Friday, February 20, 2015

Reluctantly Charmed

Title: Reluctantly Charmed
Author: Ellie O'Neill
Genre: Magical Realism
Rating: 4/5
Cover: 8/10

I was given a copy of this book by the publisher via edelweiss in exchange for an honest review.

"Kate McDaid is listing her new-year’s resolutions hoping to kick-start her rather stagnant love life and career when she gets some very strange news. To her surprise, she is the sole benefactor of a great great-great-great aunt and self-proclaimed witch also called Kate McDaid, who died over 130 years ago. As if that isn’t strange enough, the will instructs that, in order to receive the inheritance, Kate must publish seven letters, one by one, week by week.

Burning with curiosity, Kate agrees and opens the first letter – and finds that it’s a passionate plea to reconnect with the long-forgotten fairies of Irish folklore. Almost instantaneously, Kate’s life is turned upside down. Her romantic life takes a surprising turn and she is catapulted into the public eye.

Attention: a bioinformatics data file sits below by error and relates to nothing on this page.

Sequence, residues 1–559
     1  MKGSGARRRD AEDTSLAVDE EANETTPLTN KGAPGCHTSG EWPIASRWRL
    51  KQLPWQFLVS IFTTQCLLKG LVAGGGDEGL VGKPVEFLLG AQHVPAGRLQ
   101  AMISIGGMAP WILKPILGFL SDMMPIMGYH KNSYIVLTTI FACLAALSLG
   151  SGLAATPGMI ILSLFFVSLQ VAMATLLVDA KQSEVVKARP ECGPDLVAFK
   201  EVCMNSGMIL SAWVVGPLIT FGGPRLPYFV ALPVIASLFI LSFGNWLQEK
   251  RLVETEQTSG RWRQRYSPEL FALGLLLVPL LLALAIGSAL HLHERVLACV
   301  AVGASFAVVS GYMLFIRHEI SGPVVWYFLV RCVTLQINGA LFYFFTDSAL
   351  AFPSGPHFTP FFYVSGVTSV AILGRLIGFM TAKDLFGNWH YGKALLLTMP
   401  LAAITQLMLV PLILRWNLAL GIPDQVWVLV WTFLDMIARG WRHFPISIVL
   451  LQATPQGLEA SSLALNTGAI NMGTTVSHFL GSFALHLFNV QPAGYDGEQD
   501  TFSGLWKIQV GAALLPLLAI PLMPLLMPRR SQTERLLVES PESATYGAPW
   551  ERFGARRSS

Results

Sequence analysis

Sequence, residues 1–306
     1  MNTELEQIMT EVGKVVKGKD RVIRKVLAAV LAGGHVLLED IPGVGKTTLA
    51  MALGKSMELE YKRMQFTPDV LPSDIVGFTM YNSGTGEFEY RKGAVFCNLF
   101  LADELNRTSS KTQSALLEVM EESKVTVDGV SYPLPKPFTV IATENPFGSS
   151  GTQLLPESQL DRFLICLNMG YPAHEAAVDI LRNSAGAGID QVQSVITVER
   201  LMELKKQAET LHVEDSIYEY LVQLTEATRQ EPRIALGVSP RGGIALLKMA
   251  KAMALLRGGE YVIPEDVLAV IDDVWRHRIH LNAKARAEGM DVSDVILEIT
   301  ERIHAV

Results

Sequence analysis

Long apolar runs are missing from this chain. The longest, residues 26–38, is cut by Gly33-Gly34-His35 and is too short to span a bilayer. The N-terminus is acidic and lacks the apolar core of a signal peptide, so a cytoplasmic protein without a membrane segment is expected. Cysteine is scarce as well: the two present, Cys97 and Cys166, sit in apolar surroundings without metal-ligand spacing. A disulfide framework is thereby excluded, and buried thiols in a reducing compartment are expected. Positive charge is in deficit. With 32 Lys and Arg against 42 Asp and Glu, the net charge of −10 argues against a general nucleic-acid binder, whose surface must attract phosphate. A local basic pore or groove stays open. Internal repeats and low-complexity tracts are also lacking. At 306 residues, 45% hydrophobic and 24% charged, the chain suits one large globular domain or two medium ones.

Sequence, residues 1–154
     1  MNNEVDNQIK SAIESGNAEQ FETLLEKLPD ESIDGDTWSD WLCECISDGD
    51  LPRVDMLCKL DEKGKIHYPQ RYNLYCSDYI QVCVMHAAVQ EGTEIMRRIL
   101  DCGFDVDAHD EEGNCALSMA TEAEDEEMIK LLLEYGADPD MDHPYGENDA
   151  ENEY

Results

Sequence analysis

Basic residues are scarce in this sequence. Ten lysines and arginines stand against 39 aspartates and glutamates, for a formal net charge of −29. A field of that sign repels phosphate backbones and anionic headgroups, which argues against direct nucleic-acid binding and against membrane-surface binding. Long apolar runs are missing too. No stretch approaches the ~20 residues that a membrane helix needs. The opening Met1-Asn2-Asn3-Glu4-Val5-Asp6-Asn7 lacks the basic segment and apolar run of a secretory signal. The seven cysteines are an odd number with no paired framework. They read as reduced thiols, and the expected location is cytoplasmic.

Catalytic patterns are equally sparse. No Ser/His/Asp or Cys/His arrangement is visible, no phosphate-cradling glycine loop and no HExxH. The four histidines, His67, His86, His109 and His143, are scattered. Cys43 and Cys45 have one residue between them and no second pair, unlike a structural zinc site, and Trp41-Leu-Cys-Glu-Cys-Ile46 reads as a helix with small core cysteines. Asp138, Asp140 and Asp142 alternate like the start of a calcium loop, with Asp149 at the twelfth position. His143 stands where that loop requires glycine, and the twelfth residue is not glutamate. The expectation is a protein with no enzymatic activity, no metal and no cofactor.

As events become stranger and stranger – and she discovers things about herself she’s never known before – Kate must decide whether she can fulfil her great-aunt’s final, devastating request ... and whether she can face the consequences if she doesn’t.

Witty, enchanting and utterly addictive, Reluctantly Charmed is about what happens when life in the fast lane collides with the legacy of family, love and its possibilities … and a little bit of magic. "


Reluctantly Charmed was a delight to read; easy and sweet, the book flowed well through the ups and downs of Kate's life.

O'Neill does a fabulous job of getting Kate's character across at all times. The narrative twists and turns, lose and filled with digressions at times, which is exactly the kind of person Kate is presented as being: always a little confused by life, but happy to go along with it. The line O'Neill treads with the narrative is a thin one between cute, good characterisation and an overwhelming amount of telling instead of showing; she successfully manages to keep it always on the good side of it throughout the novel.

I loved the fact that, for all that it starts off as a funny, quirky novel about what would happen if fairies were real and suddenly wanted to reconnect, in the end it posed much more important questions about freedom, about humanity and human nature. Seeing Kate grow was a beautiful process, aided by an extremely colourful secondary cast of characters.

Definitely worth a read to anyone looking for a fun, whacky novel that will sweep you away to a charming world.

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